Nothing can be chilled below absolute zero ( −273.15°C) because at this temperature all molecular motion stops completely. Per Heisenberg's uncertainty principle the forces of real particle velocities will always be above zero. It's a fundamental limit that can't seem to be broken. That's fine just fine -- what bothers scientists, however, are other limits that keep them from cooling things near absolute zero.
For decades, researchers have used lasers to cool down atoms very close to absolute zero. However, when you try to cool close to zero something macroscopically, like a power cable or even a coin, you get hit by a brick wall -- a 'quantum limit' that keeps mechanical objects from getting too cold.
Physicists from the National Institute of Standards and Technology (NIST) weren't sure that this is a fundamental limit and good thing they experimented because their findings suggest macroscopic objects can be cooled more than previously thought possible.
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Using lasers, the NIST team cooled an aluminum drum to 360 microKelvin or 10,000 times colder than the vacuum of space. The tiny vibrating membrane is 20 micrometers in diameter and 100 nanometers thick. It's the coldest thing we've ever seen that's larger than a few atoms across.
"The colder you can get the drum, the better it is for any application," said NIST physicist John Teufel, who led the experiment. "Sensors would become more sensitive. You can store information longer. If you were using it in a quantum computer, then you would compute without distortion, and you would actually get the answer you want."
"The results were a complete surprise to experts in the field," Teufel's group leader and co-author José Aumentado said. "It's a very elegant experiment that will certainly have a lot of impact."
Everyone's familiar with lasers but firing lasers to cool stuff? It sounds counter-intuitive because we all know lasers warm targets -- but that's if you fire all of the light. The kind of lasers used for cooling fire at a specific angle and frequency. Typically multiple lasers are used. As a result of this clever tweaking photons actually end up snatching energy from its target instead of releasing it, and it's all done by literally pushing the atoms.
Confused? It gets elementary once you understand or remember what temperature actually is -- the motion of atoms. That's it. When we feel warm, atoms are whizzing past us faster. When it's cold outside, the molecules in the air are moving slower. So, what scientists do when they fire lasers is they push these atoms in the opposite direction of their motion. As the photon gets absorbed by the target atom(s), the photon's momentum is transferred.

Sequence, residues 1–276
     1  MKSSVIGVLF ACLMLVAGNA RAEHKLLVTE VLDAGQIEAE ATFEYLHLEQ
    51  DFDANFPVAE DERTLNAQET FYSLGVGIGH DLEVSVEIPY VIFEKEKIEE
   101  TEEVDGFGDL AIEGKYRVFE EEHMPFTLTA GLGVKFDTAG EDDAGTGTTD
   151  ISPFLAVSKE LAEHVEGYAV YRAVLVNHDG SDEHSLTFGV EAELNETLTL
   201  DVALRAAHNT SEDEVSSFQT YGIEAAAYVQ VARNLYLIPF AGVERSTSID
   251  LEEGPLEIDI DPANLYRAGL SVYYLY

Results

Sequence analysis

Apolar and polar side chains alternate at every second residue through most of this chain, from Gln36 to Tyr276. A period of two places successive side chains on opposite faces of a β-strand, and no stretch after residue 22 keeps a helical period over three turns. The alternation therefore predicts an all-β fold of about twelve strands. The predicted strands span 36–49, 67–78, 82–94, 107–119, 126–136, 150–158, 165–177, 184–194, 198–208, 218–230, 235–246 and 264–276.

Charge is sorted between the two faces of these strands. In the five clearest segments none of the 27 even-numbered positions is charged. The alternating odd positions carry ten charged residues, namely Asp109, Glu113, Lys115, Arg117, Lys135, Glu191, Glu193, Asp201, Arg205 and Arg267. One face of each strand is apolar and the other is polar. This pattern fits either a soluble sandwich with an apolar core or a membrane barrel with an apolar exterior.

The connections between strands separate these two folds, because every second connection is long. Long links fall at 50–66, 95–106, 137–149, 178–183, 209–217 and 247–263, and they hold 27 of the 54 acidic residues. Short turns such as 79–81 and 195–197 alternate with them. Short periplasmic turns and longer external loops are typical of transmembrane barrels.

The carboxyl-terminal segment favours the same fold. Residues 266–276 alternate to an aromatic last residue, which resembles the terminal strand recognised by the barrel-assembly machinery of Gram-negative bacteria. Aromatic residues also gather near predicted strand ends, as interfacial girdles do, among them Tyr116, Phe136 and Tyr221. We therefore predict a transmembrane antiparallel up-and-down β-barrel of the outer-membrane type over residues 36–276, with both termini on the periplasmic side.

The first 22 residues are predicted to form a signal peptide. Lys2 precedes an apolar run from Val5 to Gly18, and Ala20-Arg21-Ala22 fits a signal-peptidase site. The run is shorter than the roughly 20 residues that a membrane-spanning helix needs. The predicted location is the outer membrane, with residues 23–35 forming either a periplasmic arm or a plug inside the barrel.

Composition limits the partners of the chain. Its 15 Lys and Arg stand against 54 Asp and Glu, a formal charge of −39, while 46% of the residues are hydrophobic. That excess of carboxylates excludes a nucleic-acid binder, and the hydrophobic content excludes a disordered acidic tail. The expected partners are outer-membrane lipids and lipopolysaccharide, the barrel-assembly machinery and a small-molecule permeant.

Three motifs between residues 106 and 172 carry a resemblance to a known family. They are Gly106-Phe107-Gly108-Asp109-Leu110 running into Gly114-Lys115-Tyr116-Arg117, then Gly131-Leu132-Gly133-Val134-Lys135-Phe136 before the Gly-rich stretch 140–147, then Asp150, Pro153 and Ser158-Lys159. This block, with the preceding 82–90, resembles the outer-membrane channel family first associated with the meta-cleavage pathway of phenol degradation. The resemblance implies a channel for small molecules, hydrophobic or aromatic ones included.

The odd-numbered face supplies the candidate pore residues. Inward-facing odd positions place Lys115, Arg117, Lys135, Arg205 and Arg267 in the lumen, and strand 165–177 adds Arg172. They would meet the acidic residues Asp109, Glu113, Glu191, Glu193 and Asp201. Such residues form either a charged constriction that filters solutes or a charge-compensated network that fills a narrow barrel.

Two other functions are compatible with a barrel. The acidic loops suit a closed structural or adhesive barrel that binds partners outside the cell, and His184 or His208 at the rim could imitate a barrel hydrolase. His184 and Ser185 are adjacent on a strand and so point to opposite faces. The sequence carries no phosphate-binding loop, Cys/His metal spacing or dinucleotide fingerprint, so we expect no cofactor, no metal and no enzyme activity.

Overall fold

Laser pulses, however, like any light, fires in discrete packets of energy called quanta. This means there's a gap between packets which gives atoms the time to resume motion. That's how light works and quantum mechanics seems to suggest there's an upper limit. Previously, NIST researchers used sideband-cooling to limit the thermal motion of a microscopic aluminum membrane that vibrates like a drumhead to one-third the amount of its quantum motion.
The NIST researchers took laser cooling a step further by using 'squeezed light' -- light that's more organized in one direction than any other. By squeezing light, the noise, or unwanted fluctuations, is moved from a useful property of the light to another aspect that doesn't affect the experiment. The NIST team used a special circuit to generate microwave photons that were purified or stripped of intensity fluctuations, which reduced inadvertent heating of the drum.
"Noise gives random kicks or heating to the thing you're trying to cool," Teufel said. "We are squeezing the light at a 'magic' level—in a very specific direction and amount—to make perfectly correlated photons with more stable intensity. These photons are both fragile and powerful."
The NIST paper published in Nature seems to suggest squeezed light removes the generally accepted cooling limit. Teufel says their proven technique can be refined to make things even cooler -- possible even to exactly absolute zero. And that, ladies and gentlemen, is the coolest thing you'll hear today.
“In principle if you had perfect squeezed light you could do perfect cooling,” he told the Washington Post. “No matter what we’re doing next with this research, this is now something we can keep in our bag of tricks to let us always start with a colder and quieter and better device that will help with whatever science we’re trying to do.”